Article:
Epidemiology is a fairly new discipline. Epidemiologists are health researchers who study the health of a population by gathering and analysing statistics to identify the cause of ill-health in the population and how it can be prevented. For example, it was epidemiological research that first proved that smoking was associated with an increased risk of cancer and many other diseases.
Epidemiologists look at medical, social, environmental and economic factors when determining the causes of problems. There are many different aspects that epidemiologists can study, for example:
Epidemiologists spend most of their time researching statistics and ‘crunching’ numbers to conduct statistical analysis of their data. They must have an interest in and knowledge of a wide range of topics, as everything from environmental to social factors influences their work.
Epidemiologists carry out or oversee professional, epidemiological investigative work by assisting in the design, conducting and analysis of epidemiological investigations for disease surveillance and special studies. The purpose of their work is to identify causative agents or conditions that have an adverse effect on health, provide data and information concerning corrective actions or programmes to alleviate such adverse health effects, and also to propose practices or policies based on findings that will maintain and promote public health.
Other tasks - they supervise professional, technical and clerical personnel, prepare and analyse samples to study the effects of drugs, gases, pesticides or microorganisms on cell structure and tissue, and communicate their research findings on various types of diseases to health practitioners, policy makers and the public. They supervise public health programmes, including statistical analysis, health care planning, surveillance systems and public health improvement. They plan, administer and evaluate health safety standards and programmes to improve public health, conferring with health departments, industry personnel, physicians and others. They educate health workers, patients and the public about infectious and communicable diseases, including disease transmission and prevention. Some epidemiologists teach the principles of medicine and medical and laboratory procedures to physicians, residents, students and technicians.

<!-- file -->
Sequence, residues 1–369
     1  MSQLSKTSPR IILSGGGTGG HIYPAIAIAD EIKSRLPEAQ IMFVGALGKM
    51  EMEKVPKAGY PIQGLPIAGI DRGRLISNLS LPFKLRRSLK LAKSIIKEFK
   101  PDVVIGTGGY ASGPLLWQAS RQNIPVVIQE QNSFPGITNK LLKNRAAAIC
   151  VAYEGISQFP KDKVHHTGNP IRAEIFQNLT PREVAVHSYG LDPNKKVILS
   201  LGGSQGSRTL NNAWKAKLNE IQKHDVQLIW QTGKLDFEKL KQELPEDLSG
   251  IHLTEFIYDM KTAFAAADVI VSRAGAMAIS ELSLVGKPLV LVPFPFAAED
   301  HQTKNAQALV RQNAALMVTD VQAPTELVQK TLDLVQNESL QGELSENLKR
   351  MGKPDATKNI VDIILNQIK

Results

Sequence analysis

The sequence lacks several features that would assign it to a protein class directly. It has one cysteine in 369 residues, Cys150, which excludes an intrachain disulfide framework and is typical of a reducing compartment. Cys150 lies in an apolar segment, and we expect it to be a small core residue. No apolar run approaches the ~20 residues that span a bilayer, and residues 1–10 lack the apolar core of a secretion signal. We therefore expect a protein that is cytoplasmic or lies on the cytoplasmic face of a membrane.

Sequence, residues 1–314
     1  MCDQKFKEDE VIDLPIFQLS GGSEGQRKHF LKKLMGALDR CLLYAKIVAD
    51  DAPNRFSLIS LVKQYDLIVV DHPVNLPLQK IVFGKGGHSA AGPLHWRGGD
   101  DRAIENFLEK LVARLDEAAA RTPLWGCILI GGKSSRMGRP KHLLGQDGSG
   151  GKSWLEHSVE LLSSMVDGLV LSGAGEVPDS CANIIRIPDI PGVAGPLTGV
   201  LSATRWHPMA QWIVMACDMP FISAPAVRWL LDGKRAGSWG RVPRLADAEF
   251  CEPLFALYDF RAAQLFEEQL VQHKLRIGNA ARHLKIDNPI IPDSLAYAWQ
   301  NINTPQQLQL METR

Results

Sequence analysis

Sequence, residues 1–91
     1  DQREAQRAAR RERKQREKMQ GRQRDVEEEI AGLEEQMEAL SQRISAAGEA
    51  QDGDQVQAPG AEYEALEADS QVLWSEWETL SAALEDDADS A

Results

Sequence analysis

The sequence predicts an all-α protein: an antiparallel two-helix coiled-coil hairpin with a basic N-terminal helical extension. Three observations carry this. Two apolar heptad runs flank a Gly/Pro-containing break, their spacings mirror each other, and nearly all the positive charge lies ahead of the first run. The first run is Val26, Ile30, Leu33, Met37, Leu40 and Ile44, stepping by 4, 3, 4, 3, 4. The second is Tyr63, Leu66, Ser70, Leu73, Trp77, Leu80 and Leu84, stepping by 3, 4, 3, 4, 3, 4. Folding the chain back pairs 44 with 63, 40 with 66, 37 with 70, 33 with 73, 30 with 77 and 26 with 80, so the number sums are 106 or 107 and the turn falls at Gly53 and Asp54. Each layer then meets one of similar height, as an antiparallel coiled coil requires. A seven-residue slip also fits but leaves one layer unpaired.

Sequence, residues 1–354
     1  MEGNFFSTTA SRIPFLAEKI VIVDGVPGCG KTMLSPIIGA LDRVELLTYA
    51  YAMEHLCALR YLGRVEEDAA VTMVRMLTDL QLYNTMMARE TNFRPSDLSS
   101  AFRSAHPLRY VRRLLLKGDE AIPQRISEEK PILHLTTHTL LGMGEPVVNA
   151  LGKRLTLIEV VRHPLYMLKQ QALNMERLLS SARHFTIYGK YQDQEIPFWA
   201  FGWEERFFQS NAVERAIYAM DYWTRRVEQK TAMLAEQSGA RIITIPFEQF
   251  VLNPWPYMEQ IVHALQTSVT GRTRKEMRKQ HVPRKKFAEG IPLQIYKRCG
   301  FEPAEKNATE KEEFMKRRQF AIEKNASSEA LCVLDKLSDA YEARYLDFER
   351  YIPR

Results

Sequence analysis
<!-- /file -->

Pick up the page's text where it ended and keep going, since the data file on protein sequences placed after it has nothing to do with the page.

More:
Schooling & School Subjects
Degree: most epidemiologists start out first qualifying in medicine, nursing or a related health field and then go on to study epidemiology or health statistics at a graduate level. Many epidemiologists specialise in a particular area of research; for example, communicable diseases or alcoholism.
Postgraduate: to become an epidemiologist one needs at least a masters degree in epidemiology or health statistics. Although it is not essential, some epidemiologists go on to complete PhDs. Wits, for example, offers a MSc in Epidemiology.
The Epidemiology Society of South Africa - ESSA has become the Public Health Association of South Africa (PHASA)